Is this perhaps a question about how high a ratio rockers one could run?
I haven't a clue what (if any) angle is already built into the lifter-to-pushrod "line."
I can say this: I just measured my 1.80 and 1.85 modded stock rockers with digital caliper, from oil-hole in pushrod seat to back edge of rocker:
1.85'*: 0.350 +/- 0.004 inch (1% RSD)
1.80'*: 0.28 +/- 0.01 inch (4% RSD)
I don't know where the original seat was, but even if we moved it back ALL THE WAY, i.e., 0.350 inches (obviously not possible, but bear with me), we have created a triangle with an opposite side of 0.35 inches and an adjacent of about 7 inches (stock pushrod length).
A bit of quick trig:
gives us a change in angle of only 2.86 degrees at the lifter.
(It'* likely that the seat couldn't have been moved more than 0.20" from it'* original position on the 1.85 modded rocker, and this yields an angle of only 1.64 degrees)
As the rocker travels through it'* motion, you'd have to measure a change in this opposite side of something like 0.5 inches to get to a 4-degree angle at the lifter; however, the valve-tip contact patch on the end of the rocker measures less than a quarter-inch, so that defines the limit of our range of motion.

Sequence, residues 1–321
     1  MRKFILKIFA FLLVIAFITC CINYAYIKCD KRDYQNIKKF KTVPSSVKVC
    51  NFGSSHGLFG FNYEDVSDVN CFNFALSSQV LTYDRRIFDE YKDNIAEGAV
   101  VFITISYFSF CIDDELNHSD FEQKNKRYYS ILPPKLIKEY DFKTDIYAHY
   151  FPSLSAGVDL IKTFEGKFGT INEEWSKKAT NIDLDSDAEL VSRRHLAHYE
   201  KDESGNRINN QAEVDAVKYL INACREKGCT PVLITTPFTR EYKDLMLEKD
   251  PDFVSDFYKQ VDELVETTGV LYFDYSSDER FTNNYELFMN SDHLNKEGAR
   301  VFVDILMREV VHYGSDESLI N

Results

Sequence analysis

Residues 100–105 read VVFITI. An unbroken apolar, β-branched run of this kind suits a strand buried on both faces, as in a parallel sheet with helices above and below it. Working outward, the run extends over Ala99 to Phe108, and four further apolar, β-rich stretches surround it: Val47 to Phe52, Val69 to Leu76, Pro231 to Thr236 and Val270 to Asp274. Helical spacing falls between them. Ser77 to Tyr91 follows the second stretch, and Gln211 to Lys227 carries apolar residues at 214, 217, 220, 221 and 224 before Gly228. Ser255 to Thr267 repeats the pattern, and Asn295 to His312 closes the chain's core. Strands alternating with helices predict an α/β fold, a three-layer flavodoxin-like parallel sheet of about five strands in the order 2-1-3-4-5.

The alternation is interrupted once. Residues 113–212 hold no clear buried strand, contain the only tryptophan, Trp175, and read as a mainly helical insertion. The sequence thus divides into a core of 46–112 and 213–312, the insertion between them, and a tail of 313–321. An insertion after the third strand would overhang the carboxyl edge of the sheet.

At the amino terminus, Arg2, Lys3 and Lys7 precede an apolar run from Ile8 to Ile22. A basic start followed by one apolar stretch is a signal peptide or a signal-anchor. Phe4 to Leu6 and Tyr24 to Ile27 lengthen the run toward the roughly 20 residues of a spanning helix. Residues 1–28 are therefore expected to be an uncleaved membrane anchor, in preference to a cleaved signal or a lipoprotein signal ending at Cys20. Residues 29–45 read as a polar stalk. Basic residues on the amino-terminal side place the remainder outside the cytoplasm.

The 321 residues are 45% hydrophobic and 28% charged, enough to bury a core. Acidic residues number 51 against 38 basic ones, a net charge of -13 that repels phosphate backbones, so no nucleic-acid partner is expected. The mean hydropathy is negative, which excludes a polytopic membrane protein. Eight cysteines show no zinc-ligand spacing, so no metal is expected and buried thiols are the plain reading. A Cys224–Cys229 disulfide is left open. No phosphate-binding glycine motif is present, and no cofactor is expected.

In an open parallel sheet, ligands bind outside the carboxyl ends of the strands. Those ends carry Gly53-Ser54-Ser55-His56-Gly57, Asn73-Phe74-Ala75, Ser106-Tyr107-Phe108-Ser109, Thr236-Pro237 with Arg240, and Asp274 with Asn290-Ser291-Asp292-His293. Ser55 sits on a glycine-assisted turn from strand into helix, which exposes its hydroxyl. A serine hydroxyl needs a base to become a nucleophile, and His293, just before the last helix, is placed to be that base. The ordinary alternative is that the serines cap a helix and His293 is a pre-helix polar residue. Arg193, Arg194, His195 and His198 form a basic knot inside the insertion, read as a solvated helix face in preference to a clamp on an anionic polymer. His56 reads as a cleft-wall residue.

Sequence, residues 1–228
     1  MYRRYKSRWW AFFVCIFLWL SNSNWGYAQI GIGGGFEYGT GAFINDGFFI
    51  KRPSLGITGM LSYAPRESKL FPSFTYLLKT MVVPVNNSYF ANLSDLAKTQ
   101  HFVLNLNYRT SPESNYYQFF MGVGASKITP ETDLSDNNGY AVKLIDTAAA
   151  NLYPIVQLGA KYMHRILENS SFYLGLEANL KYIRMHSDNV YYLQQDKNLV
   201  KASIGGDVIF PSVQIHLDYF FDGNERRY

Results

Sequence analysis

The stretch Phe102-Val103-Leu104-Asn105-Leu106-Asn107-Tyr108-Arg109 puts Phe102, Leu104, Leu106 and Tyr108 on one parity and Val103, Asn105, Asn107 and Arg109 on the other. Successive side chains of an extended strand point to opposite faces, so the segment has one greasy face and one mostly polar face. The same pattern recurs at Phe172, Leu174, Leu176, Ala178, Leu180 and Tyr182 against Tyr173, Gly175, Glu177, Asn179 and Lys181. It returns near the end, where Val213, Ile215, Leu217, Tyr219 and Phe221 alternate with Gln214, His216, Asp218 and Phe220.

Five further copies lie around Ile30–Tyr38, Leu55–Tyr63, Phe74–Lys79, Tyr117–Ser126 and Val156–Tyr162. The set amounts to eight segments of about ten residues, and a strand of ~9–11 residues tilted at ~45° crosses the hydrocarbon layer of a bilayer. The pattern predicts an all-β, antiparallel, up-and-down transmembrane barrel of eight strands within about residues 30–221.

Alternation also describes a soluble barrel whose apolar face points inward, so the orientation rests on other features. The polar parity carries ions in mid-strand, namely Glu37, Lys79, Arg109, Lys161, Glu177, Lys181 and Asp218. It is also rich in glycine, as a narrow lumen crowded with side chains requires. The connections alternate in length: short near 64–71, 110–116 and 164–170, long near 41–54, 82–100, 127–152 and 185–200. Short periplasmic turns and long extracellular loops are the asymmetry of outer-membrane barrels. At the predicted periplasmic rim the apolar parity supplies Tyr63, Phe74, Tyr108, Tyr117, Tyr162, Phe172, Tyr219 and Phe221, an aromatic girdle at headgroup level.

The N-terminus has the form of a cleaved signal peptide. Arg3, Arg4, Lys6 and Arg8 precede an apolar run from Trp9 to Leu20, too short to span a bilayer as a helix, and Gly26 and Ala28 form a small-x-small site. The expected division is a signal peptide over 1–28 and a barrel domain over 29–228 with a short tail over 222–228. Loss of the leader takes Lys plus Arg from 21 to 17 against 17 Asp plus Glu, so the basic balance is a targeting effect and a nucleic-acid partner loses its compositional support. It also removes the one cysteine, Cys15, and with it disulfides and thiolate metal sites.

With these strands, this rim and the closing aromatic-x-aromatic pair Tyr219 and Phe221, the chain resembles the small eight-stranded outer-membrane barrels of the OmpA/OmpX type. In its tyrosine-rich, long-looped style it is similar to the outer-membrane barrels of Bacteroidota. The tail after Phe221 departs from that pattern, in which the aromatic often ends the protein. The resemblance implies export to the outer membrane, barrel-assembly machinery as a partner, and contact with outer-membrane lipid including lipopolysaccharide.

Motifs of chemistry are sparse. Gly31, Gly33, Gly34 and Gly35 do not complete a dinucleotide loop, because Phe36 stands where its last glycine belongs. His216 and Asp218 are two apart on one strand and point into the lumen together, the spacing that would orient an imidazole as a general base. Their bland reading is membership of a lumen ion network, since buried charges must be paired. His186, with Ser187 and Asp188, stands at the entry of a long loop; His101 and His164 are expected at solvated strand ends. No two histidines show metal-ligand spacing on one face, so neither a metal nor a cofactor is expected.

In short, even with 1.85 (or even 1.9) rockers, the rocker end of the pushrod will never go more than 0.45 to 0.5 inches out of line with its original line. That equates to 4 begrees or less of change from the original angle (though, as I say, I do not know what that original angle is). Furthermore, the change from stock rockers to as high as 1.9'* introduces less than 2 degrees change from whatever the original angle was.
I don't know if this helped you, but it helped ease my mind about high ratio rockers!
(I guess the same analysis would hold for cams up to say .520 total lift)
EDIT: I assume you are talking about a 3800 engine